F1 2011 played on 360, 3DS and PlayStation Vita. Its the only preview you need

Formula One in real life is finally exciting again. Sure, Vettel is winning everything in sight, but the new rules and overtaking systemshave, if nothing else, at least made the races exciting to watch. That’s worked out very nicely for Codemasters, who rode the crest of the wave last year with F1 2010 and are now sitting pretty to deliver a super-sequel. They were showing off the game on Xbox 360, 3DS and PlayStation Vita in London, andwe played them all so there’s a page about each right here. Engines on?OK, let’s go.

The Xbox 360

When you’ve got such a great foundation as Codies have with last year’s F1 2010, you arguably don’t need to change much. And immediate impressions of F1 2011 on Xbox 360 are that very little has actually changed. The cockpit view and dashboard computer look the same, the track (Silverstone) looks the same… even the mechanics’ animations in the garage are exactly the same as they were, only now your engineer is standing on the other side of the car. Fortunately, the reality is that things have been shaken up quite a bit.

The demo was multiplayer-focused. The finished game is going to feature full online grids this year (24 cars, to be exact), which is going to be pretty interesting come the first chicane at Monza, but we were limited to 8-player battles that ran seamlessly over system link. Fortunately, the team has worked hard on fixing the commendable but ultimately exploitable penalty system, so the game will now wait a few more seconds after incidents before deciding who the guilty party was.

Sometimes, however, racing accidents just happen. With the cars moving at this speed and both parties trying to outbreak each other in a scrap, contact is pretty much inevitable. The game is still at its most enjoyable when both drivers don’t want to get involved in an accident, which can result in some ridiculously enjoyable races.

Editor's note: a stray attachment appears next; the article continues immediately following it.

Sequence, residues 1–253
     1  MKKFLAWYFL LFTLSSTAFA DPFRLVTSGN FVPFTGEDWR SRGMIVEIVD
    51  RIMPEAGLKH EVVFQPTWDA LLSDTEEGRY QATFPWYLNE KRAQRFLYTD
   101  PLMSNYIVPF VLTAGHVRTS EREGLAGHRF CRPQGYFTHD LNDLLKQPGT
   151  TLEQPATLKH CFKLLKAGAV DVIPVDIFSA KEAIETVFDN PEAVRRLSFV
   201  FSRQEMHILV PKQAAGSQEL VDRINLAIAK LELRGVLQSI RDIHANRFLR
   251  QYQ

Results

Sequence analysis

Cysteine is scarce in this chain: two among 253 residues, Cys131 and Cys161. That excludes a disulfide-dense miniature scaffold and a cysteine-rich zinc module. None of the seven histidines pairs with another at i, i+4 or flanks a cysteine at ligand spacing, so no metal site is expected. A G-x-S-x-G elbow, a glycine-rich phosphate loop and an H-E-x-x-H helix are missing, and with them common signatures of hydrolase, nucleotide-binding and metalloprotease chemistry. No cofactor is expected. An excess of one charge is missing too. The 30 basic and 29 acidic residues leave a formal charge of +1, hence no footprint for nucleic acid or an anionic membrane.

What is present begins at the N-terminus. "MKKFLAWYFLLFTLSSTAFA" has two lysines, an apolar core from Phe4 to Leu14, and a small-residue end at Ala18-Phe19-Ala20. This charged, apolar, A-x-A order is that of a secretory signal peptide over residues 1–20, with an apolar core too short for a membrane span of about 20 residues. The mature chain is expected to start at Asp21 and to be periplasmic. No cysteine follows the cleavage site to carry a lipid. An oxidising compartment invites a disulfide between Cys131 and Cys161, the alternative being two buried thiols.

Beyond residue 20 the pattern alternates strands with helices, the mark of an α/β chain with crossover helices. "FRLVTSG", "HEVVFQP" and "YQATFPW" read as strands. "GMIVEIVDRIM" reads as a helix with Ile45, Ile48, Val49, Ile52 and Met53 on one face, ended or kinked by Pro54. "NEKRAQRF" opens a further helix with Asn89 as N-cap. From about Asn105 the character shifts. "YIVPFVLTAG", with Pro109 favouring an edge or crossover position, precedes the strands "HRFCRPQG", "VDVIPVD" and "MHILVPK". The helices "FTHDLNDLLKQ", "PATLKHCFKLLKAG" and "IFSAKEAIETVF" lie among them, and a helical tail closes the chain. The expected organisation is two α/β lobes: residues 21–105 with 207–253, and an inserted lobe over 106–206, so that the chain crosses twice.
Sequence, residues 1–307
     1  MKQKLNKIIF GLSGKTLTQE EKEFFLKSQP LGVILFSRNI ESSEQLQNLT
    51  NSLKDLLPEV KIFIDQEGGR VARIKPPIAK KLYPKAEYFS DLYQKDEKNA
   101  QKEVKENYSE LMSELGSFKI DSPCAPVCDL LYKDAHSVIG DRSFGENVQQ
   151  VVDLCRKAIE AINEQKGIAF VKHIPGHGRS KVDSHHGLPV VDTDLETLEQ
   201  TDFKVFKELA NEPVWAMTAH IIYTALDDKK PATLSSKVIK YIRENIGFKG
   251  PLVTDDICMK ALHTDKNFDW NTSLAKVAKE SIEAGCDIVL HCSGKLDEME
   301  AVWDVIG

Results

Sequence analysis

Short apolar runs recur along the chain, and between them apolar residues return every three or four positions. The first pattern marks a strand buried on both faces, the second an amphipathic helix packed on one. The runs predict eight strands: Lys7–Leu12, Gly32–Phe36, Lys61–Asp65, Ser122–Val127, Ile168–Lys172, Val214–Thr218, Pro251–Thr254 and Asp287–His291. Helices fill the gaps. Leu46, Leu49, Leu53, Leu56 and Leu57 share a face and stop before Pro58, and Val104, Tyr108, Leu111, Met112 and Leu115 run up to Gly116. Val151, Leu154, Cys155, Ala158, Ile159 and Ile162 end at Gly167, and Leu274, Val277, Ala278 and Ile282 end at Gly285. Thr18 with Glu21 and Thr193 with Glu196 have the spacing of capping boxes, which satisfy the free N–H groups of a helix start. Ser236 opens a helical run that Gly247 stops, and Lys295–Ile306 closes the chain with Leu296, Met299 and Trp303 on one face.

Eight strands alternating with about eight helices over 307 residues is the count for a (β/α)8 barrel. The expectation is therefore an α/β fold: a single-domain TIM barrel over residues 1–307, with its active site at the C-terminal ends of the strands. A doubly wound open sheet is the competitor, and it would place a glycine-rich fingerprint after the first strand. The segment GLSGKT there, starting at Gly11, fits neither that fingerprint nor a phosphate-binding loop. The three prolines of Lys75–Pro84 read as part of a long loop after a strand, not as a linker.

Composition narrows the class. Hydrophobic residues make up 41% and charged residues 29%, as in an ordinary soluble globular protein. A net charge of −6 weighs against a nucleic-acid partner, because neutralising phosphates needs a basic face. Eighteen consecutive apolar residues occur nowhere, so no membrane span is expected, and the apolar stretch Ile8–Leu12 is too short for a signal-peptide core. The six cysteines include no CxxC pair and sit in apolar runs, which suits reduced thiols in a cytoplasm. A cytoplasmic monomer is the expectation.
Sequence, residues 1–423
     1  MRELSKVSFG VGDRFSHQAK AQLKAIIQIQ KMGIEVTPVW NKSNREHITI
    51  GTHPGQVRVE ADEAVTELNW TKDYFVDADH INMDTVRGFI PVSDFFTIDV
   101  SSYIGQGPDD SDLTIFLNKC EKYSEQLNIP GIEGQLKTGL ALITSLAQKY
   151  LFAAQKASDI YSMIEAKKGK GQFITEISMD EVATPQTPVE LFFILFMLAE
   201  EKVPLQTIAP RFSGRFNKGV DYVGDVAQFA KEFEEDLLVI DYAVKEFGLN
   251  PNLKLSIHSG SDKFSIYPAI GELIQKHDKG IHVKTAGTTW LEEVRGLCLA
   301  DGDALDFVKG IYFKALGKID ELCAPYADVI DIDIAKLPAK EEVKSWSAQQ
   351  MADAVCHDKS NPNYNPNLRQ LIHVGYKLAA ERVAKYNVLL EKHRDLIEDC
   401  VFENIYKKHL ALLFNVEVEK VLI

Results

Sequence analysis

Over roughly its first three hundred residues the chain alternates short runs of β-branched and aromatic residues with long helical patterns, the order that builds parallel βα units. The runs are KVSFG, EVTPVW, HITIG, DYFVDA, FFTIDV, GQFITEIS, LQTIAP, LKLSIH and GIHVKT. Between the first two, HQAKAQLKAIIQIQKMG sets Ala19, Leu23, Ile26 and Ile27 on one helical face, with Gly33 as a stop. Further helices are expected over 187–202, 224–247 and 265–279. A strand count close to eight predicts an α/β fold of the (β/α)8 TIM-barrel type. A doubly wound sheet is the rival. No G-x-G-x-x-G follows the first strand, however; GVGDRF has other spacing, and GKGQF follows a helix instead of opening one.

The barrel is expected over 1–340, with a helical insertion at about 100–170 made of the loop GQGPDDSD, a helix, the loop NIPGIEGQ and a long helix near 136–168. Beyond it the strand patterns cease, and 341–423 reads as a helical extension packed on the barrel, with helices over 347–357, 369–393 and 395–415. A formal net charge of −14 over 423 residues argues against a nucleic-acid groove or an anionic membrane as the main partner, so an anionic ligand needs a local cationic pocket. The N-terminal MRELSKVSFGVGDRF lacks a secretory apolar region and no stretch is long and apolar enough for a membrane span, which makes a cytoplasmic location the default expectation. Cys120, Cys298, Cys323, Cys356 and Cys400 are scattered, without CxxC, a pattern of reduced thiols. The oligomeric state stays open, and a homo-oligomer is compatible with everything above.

Above: The weather effects look even better than last year’s, but don’t help your cause in tight races like this

But if you do collide, wings and bodywork break much more easily than before, sending debris flying across the track. This year, there will also be component failures, resulting in lost gears or oil leaks. Apparently, you’ll even be able to see engines smoking during acceleration if they’re close to blowing.

In the career mode, this will even have a direct affect on the way you approach races. Last year’s game hinted at keeping your engine good as you only had a finite number of replacements over the course of the year, but this year it should actually spill over into how you play the game. F1 racing isn’t all about flat-out knife-edge driving all of the time. That’s qualifying. Races need to be tactically considered too, with ‘race pace’ more important than pure, consistent speed.

This can also have an effect on co-op mode, where you and your team-mate will be trying to outdo each other through careful management of cars and resources over the course of the season. It’s not very often that a game saves its biggest potential pay-off for a date about two months after you start playing it, but that’s what could happen here. Rivalries are something I often say can make a racing game truly great – what better way than to have your real-life best mate as your team-mate? Feud time!

Above: Incidentally, Ferrari reportedly like their cars to be ‘first’ in any pre-release screenshot. Like this one!

The addition of Split Screen mode may sound logical (why go back to your house when you’re at a mate’s just so you can play F1 together?), but from a technical point of view, it can’t be easy. There are very few compromises – perhaps some emptier grandstands and a slightly reduced frame-rate, but nothing to really spoil your enjoyment. Crucially, it feels just like the big-screen game.